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I know this question has been asked many times and even I have asked it once...But as today I came to know about fdisk so thought of posting it so that someone having good knowledge can help me better.

Here is the log created by fdisk and I would like ubunto to show me sda3 and sda4 which its not showing right now and even my windows 7 is not booting up.I have all of my data in one of them and really need it.

Thanks

Disk /dev/sda: 250.1 GB, 250059350016 bytes
255 heads, 63 sectors/track, 30401 cylinders, total 488397168 sectors
Units = sectors of 1 * 512 = 512 bytes
Sector size (logical/physical): 512 bytes / 512 bytes
I/O size (minimum/optimal): 512 bytes / 512 bytes
Disk identifier: 0x3aa63aa5

Device Boot      Start         End      Blocks   Id  System
/dev/sda1              63        2047         992+  42  SFS
/dev/sda2   *        2048      206847      102400   42  SFS
/dev/sda3          206848   176334847    88064000   42  SFS
/dev/sda4       466913278   488396799    10741761    5  Extended
/dev/sda5       486445056   488396799      975872   82  Linux swap / Solaris
/dev/sda6       466913280   486445055     9765888   83  Linux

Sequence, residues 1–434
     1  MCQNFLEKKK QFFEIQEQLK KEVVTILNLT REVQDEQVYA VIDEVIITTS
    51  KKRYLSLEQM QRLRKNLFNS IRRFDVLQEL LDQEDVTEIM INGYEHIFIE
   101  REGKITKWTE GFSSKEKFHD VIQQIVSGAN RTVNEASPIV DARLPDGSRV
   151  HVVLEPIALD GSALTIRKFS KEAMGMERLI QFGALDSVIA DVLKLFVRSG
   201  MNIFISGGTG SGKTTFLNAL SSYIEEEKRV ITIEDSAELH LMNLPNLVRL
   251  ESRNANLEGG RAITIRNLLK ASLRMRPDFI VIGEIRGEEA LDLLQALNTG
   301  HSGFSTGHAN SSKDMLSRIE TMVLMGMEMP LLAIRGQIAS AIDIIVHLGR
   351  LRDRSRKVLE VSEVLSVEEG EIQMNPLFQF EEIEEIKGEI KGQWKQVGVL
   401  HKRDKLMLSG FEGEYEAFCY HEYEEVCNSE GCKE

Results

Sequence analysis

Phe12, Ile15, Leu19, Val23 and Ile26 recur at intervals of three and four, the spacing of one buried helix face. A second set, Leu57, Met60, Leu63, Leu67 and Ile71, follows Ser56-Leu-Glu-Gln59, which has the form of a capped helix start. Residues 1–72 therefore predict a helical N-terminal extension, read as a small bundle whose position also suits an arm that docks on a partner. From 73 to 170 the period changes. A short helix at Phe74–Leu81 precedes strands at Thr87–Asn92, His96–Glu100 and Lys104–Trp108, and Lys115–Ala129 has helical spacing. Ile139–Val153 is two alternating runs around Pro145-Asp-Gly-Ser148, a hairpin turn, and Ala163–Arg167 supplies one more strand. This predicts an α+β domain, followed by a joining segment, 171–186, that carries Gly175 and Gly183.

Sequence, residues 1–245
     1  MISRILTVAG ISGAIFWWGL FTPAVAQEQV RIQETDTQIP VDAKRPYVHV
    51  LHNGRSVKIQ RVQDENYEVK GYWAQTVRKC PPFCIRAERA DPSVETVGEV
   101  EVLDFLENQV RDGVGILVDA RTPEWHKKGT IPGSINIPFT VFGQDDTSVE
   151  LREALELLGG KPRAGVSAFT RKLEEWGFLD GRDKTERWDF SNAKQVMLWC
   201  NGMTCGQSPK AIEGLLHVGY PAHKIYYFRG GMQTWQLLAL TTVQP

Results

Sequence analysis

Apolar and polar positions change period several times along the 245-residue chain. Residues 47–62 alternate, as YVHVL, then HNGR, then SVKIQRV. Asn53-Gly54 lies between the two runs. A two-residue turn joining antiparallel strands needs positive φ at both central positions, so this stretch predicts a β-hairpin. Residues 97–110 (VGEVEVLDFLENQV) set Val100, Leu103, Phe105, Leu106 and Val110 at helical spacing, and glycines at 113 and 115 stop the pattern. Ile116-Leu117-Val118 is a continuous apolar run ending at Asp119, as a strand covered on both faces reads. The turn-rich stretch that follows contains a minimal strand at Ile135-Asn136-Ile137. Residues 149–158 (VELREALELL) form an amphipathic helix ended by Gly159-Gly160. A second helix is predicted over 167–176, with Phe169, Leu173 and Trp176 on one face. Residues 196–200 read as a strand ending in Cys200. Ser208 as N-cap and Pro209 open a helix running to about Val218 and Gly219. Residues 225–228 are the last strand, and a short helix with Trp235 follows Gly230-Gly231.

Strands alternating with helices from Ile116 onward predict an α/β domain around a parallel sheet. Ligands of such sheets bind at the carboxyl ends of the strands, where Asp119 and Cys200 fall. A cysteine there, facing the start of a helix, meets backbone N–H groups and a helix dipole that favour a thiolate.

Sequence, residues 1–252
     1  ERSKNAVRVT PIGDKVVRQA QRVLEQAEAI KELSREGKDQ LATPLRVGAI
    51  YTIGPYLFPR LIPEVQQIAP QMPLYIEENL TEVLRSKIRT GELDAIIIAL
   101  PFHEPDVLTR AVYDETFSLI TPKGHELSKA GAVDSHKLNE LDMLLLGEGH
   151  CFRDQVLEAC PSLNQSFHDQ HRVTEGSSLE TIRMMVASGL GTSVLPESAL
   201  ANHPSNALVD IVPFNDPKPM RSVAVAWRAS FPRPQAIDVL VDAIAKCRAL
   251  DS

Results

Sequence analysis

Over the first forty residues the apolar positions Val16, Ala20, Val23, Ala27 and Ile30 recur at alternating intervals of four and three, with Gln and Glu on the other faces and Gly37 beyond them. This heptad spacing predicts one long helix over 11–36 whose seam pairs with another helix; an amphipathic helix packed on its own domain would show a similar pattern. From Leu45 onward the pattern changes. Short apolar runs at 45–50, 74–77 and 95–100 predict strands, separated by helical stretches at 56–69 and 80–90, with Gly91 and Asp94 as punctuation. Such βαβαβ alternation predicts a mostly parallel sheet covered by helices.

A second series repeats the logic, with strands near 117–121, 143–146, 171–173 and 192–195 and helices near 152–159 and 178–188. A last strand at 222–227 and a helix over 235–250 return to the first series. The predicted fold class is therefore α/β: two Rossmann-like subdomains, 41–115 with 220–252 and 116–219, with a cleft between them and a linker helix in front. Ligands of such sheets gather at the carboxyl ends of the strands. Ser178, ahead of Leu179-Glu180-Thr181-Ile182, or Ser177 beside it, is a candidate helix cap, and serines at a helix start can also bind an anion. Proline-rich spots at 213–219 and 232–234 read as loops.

Partition table entries are not in disk order

Disk /dev/sdb: 8075 MB, 8075120640 bytes
255 heads, 63 sectors/track, 981 cylinders, total 15771720 sectors
Units = sectors of 1 * 512 = 512 bytes
Sector size (logical/physical): 512 bytes / 512 bytes
I/O size (minimum/optimal): 512 bytes / 512 bytes
Disk identifier: 0x00000000

Device Boot      Start         End      Blocks   Id  System
dev/sdb1   *        2048    15771647     7884800    b  W95 FAT32
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1 Answer 1

Well sda1, sda2 and sda3 are of SFS type.When Linux reports SFS for MS Windows machines, that generally means that the Windows machine HDD was formatted using Dynamic Volumes. Partition type 42 is a Windows specific dynamic partitioning type that Linux may not be fully aware of or feel safe modifying.

They are Pure dynamic disks (those not containing any hard-linked partitions) have only a single partition table entry (type 42) to define the entire disk. Dynamic disks store their volume configuration in a database located in a 1-MB private region at the end of each dynamic disk.

You could follow this link to convert your Dynamic hdd to basic hdd.

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I am ready to do all format and have learned a lot in last 2 days so would do a fresh install... tinypic.com/r/34g6irb/6 this is my screenshot of Gparted and would like to recover the data in the unallocated space as I have all my important data on that. –  Shivam Chopra Jan 1 '13 at 23:56
    
Can I get any help? –  Shivam Chopra Jan 2 '13 at 17:13
    
yeah you could use Testdisk to recover your data. you could have a look at this rodsbooks.com/missing-parts/index.html –  Mukund Jan 2 '13 at 17:22

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